Flamenco dancer lets the movement take over
Who knew? Hamilton is a hot haven for flamenco.
A few years ago when six-foottwo flamenco dancer Lia Grainger flapped her ruffled skirts at The Pearl Company, the place sold out immediately.
Well, Grainger is coming back with her new show Audacia!, part of a cross-country tour it’s here one night only, on Aug. 27.
Expect live musicians, singers and, of course, flamenco dance. It’s going to be a hot ticket in more ways than one.
Grainger grew up playing basketball in Vancouver. She gave up hoops and foul shots for the clicking of heels and the passion of dance. “I was searching for something more creative than bouncing a ball,” she says.
“Don’t get me wrong,” Grainger says, “I loved the basketball court. But then I discovered something that allowed my creative urges to let go.”
Now living in Seville, Spain, Grainger is a flamenco convert.
“It’s something that takes you inside yourself,” she says. “When I first saw it I knew I was hooked. I went to this little club on Cambie Street in Vancouver and saw flamenco on film. I just wanted to feel the emotion that dancer felt.”
A journalist, Grainger’s work appeared in Readers’ Digest International, Chatelaine and The Walrus. She still loves to write, but these days she expresses herself mostly through dance.
“There’s something so passionate about it. It takes you inside yourself. You go through a whole range of emotions. You feel the intensity of life. It’s not just about doing steps. Those are just the beginning.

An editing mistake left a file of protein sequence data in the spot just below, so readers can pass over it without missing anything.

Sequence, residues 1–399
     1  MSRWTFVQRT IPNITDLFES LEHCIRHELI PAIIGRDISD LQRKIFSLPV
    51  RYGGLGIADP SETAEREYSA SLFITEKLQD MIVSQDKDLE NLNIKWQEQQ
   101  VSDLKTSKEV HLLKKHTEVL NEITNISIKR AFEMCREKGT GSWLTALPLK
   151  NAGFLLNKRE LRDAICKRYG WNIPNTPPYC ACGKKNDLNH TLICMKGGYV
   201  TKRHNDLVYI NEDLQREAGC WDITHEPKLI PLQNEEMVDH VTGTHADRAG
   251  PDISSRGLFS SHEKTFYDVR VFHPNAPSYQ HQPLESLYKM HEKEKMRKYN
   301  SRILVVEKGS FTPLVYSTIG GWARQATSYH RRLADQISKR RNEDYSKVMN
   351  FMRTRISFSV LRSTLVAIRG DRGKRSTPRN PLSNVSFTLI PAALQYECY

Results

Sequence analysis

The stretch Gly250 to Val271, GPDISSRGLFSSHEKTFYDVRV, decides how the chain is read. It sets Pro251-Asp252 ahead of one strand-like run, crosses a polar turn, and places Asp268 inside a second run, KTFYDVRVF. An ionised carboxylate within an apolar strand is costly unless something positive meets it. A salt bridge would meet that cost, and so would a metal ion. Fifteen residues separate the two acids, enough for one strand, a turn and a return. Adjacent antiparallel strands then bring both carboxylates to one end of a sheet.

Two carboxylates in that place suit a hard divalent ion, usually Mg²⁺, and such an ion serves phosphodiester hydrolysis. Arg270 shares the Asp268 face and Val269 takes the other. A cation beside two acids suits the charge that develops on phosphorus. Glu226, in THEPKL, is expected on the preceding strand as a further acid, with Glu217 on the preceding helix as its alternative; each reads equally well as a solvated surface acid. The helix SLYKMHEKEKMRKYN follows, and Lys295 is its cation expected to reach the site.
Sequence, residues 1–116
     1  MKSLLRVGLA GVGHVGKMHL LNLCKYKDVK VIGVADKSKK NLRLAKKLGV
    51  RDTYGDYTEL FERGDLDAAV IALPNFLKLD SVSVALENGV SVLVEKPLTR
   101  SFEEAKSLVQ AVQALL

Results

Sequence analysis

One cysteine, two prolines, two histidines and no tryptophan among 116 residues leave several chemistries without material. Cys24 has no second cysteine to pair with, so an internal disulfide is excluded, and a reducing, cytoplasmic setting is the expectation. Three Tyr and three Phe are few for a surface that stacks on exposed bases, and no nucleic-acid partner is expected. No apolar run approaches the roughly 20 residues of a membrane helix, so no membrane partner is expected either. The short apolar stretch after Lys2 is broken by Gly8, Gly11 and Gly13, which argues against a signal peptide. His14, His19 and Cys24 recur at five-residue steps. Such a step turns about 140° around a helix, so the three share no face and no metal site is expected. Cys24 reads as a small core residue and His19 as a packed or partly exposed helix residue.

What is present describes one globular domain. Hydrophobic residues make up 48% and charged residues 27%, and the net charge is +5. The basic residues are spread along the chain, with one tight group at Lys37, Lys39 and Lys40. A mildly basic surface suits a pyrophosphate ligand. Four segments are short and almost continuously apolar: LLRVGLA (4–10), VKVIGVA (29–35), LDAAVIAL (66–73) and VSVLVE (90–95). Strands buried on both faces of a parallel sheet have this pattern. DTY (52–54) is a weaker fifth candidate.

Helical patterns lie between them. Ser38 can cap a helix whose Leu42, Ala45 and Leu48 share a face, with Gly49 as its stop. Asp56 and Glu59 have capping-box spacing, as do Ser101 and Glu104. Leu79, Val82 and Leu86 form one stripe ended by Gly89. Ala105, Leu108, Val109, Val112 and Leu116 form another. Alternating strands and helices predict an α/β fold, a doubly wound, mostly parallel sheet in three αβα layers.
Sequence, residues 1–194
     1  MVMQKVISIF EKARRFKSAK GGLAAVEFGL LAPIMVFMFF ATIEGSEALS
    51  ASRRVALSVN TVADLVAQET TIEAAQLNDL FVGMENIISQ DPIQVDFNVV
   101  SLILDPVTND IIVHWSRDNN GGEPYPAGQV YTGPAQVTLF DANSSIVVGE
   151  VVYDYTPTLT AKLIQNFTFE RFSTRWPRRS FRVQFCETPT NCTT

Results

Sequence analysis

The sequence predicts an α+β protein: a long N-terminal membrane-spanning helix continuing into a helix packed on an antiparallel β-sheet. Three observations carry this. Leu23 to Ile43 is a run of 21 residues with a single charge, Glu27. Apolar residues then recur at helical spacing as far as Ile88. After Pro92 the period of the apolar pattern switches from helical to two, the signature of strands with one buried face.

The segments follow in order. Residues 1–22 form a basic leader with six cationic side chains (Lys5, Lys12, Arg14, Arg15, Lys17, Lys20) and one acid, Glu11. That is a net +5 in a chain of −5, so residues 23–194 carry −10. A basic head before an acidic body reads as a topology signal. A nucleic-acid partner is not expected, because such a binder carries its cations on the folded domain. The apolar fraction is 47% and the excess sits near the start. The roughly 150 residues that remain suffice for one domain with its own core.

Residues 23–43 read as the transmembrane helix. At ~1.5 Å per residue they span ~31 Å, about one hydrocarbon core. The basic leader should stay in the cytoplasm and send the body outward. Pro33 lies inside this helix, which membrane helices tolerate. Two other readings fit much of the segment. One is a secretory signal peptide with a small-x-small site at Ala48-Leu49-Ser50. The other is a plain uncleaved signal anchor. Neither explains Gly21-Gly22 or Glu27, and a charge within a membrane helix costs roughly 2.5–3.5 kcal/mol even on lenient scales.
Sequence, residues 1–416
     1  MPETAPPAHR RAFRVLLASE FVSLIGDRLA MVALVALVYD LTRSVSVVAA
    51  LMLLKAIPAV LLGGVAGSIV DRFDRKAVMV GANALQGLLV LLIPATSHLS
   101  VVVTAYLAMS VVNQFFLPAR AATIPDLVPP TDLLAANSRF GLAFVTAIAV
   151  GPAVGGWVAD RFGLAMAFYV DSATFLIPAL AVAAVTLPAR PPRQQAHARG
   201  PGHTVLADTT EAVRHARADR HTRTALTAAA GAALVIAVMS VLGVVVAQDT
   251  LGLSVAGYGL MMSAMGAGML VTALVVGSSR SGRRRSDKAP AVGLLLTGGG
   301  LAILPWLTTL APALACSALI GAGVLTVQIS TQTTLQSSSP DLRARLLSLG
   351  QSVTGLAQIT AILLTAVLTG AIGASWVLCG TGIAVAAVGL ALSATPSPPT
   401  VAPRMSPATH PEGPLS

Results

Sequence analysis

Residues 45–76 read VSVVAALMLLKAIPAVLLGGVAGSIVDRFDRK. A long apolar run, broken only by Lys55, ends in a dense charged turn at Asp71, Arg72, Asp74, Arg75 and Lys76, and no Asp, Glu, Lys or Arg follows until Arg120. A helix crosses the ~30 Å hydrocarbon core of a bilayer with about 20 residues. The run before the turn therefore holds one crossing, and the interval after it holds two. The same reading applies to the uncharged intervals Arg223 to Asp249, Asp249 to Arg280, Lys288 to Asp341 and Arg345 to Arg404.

“I love the way flamenco allows me to be cheeky. It’s a contrast with Canadian culture. You can be intense, ferocious and more in touch with your inner being.”
Grainger, 35, started dancing about 12 years ago. “Of course I was too tall. Flamenco dancers are usually compact but I’ve found a way to adapt.
“I love the interplay, the way the dancer connects with the musicians onstage. There’s such a range of emotions here. Some dances are playful and full of fun. Others take you to darker places. They explore pain, loneliness and death. Even here though there’s the sense of being a survivor.”
Grainger loves the ritual of preparing to perform. “It’s stepping into another person’s shoes. You create an alternate image. People who know me are surprised. They find something totally different than the Lia they know offstage. I tell them you have to go all the way with this art. You have to fully explore yourself. It’s all so physical. You work yourself up to an emotional pitch.”
Lia Grainger isn’t disturbed that in some ways she’s usurping another culture.
“I’m of Polish and Ukrainian ancestry and their dance is decidedly different from flamenco. In some ways I feel like an outsider. But you know Spain’s roots are very mixed and flamenco dance is gypsy culture from all over. It’s always evolving and changing.”
Grainger likes that Audacia! is being performed in smaller towns and cities across Canada. “Audiences in these places are so enthusiastic. And I like performing in small venues where it’s possible to forge a real intimacy with the audience. The Pearl is like that.”
Living in Spain offers both challenges and rewards for Grainger.
“I can afford to be an artist there. Life is just less expensive. And everyone knows flamenco and comes to see it,” she says. “Do people think it’s strange to see a tall woman from Canada dancing flamenco in the local theatres and clubs there? I don’t know. They might think a foreigner can’t do it like a Spanish person. I can’t worry about that.”
Right now Grainger is into pushing boundaries.
“At The Pearl I’ll be dancing a farrucas, a dance traditionally done by a man. I just put on my trousers and the dance takes over. That’s what it’s all about, right?”
Lia Grainger is back dancing flamenco at The Pearl Company.